#23 - January 02, 2007, 06:03 PM

shana

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I have a lot because I used to be in the Writer's Digest Book Club, but the only ones I really refer back to are:

Creating Character Emotions by Ann Hood
Dialogue by Lewis Turco
Plot by Ansen Dibell
The Writer's Market Companion by Joe Feiertag
Writing Dialogue by Tom Chiarella
Writing for Children and Teenagers by Lee Wyndham
#24 - January 03, 2007, 08:32 AM

Reader, reader, reader...
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As per Jaina's suggestion, I recently got Orson Scott Card's book CHARACTER AND VIEWPOINT -- it's excellent!  It helps that i read OSC and love his books ;D  I also own BIRD BY BIRD & WRITING DOWN THE BONES...but honestly, I haven't made it through either of them.  There a little more abstract that I'm looking for right now.  but I know I may look to them at a different time and adore them :)
#25 - January 03, 2007, 08:38 AM
Robin
Unspun: A Collection of Tattered Fairy Tales: https://www.amazon.com/dp/B07BSR6CPJ/
Website: www.robinprehn3r.com

Gerri

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Hi *

Most of the above.  I also want to include:

The ABC's of Writing for Children, compiled by Elizabeth Koehler-Pentacoff.  About a hundred authors and illustrators talk about the craft, art, business, and life of writing childen's literature.  Covers about everything.

78 Reasons Why Your Book May Never Be Published & 14 Reasons Why It Just Might, by Pat Walsh - the founding editor of MacAdam/Cage.  Knowing and avoiding many common mistakes and bad habits will distinguish you from most writers and help you and your work get taken seriously.  Brutally honest, from an editor's point of view, but helpful.

* Gerri
#26 - January 03, 2007, 01:41 PM

bzirkle

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Picture Writing by Anastasia Suen (I've just started this one and love it.)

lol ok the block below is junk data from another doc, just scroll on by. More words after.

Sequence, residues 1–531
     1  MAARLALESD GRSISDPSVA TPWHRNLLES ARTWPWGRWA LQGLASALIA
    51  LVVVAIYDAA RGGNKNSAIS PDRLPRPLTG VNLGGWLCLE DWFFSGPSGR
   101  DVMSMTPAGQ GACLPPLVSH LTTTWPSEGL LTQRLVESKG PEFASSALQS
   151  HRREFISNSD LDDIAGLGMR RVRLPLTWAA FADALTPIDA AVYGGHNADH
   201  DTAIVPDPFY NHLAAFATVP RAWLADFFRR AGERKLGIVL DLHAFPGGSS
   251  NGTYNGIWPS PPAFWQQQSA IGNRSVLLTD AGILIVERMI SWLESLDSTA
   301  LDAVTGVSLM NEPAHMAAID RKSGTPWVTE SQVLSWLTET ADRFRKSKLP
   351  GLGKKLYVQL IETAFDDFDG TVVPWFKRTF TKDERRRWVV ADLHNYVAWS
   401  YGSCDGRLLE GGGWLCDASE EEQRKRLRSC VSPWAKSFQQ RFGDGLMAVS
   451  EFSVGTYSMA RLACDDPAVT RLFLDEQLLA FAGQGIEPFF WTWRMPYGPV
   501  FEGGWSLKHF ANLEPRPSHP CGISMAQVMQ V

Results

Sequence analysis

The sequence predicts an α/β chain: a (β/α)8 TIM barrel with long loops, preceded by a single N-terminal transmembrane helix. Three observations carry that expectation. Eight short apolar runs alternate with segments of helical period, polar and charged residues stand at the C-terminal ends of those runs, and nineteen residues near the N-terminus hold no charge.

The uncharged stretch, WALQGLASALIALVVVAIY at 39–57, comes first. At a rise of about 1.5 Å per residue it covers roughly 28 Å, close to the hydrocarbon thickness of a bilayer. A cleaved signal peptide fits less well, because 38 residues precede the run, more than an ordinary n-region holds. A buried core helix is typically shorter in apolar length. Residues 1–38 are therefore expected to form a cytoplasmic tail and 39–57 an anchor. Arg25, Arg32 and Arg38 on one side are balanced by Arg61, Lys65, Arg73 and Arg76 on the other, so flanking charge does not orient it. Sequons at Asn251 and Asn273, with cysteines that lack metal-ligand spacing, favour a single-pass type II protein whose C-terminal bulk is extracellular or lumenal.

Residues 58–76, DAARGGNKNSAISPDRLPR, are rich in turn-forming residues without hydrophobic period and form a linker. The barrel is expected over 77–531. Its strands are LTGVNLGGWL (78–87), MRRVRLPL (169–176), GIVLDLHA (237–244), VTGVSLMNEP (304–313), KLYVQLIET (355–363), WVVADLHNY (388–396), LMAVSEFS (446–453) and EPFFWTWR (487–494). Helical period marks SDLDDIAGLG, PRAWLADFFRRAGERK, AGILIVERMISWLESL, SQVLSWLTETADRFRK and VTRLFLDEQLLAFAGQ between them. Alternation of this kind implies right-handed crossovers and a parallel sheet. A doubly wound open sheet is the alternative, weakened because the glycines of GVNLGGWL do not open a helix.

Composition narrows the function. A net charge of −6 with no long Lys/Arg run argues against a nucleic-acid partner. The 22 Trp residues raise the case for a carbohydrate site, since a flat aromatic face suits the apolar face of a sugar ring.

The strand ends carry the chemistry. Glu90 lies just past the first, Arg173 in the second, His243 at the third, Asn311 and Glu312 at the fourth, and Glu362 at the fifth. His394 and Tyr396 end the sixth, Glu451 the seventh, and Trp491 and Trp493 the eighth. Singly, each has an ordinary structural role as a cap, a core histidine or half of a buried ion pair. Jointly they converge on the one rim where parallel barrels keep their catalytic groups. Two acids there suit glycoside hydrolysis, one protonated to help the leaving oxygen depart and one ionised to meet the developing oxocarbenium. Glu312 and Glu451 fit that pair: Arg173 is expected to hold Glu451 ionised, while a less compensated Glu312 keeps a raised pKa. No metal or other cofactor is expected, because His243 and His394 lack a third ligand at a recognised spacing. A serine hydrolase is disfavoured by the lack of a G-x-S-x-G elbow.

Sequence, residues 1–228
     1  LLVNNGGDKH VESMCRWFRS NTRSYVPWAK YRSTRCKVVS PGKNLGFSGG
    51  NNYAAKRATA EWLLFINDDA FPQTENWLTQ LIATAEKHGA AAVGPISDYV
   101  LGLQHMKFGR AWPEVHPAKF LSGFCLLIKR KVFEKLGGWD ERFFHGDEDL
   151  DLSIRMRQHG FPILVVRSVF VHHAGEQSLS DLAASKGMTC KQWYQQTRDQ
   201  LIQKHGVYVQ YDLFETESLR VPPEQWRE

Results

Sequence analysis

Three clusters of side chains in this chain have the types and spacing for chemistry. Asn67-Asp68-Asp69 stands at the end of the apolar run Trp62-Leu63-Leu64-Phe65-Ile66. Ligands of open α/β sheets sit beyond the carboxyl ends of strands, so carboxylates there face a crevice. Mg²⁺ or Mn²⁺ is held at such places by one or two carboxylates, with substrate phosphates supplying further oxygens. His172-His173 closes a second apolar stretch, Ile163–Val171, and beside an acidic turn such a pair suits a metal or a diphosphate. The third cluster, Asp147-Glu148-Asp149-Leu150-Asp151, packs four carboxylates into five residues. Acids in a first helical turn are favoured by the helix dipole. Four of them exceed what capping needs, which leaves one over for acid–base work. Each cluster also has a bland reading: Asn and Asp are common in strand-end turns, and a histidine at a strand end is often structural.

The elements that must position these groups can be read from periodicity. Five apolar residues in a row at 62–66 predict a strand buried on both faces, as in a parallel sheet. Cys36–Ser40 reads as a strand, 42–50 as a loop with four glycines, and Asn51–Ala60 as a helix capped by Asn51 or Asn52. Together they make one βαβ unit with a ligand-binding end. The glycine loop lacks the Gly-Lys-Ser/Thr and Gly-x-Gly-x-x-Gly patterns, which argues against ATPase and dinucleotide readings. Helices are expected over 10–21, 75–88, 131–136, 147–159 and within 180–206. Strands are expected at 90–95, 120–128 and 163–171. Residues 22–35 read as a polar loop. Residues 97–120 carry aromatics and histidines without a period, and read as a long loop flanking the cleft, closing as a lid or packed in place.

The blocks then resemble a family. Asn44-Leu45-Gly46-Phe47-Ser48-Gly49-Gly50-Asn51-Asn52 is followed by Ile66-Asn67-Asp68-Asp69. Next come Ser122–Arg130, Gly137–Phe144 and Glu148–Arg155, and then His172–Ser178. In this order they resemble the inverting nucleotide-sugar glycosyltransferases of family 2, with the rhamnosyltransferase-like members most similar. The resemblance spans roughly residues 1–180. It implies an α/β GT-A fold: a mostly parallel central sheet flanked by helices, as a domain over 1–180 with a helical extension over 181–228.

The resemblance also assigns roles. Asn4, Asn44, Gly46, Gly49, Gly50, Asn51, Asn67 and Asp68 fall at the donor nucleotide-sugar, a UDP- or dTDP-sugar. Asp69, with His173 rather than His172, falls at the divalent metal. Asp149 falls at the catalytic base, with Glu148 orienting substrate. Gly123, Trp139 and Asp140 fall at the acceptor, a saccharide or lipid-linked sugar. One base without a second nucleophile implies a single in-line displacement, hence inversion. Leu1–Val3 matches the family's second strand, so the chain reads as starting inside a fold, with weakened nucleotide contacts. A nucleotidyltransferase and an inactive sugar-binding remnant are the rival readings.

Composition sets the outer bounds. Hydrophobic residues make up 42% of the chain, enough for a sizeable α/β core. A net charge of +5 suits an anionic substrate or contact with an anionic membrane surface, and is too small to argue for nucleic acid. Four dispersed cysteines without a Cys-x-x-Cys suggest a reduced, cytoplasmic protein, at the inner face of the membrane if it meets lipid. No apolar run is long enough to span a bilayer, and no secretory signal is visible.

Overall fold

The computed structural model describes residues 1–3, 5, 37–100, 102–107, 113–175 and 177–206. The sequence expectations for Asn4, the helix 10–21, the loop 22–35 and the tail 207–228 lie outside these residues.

Writer's First Aid by Kristi Holl
Creating Characters Kids Will Love by Elaine Marie Alphin
Story Sparker, A Creativity Guide for Children's Writers by Debbie Dadey and Marcia Thornton Jones (they are the authors of The Adventures of the Bailey School Kids series)
#27 - January 06, 2007, 12:28 PM

addicted to YA
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Most mentioned above - love Writing the Breakout Novel, The First 5 Pages and The Artist's Way (I find that a lot of what I'm writing comes out first in my Morning Pages - I do them pretty faithfully!)   :writing3:

also - Story by Robert McKee & Write from the Heart by Leslea Newman
#28 - January 06, 2007, 01:19 PM
XVI, Puffin/Speak, available now
Truth, Puffin/Speak, January 2012
http://juliakarr.com

Sarah Miller

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These have all been mentioned already, but I love them, so I'm going to register my vote anyway:

Bird by Bird
On Writing
Steering the Craft

..and, ye old Elements of Style
#29 - January 23, 2007, 02:46 PM

Writing the Breakout Novel by Donald Maass is easily the best. Stephen King's On Writing is a close second.  Though it's not actually a how to book, I highly recommend "Dear Genius: The Letters of Ursula Nordstrom." If you're interested in the history of children's publishing this book will not disappoint.
#30 - January 29, 2007, 02:59 PM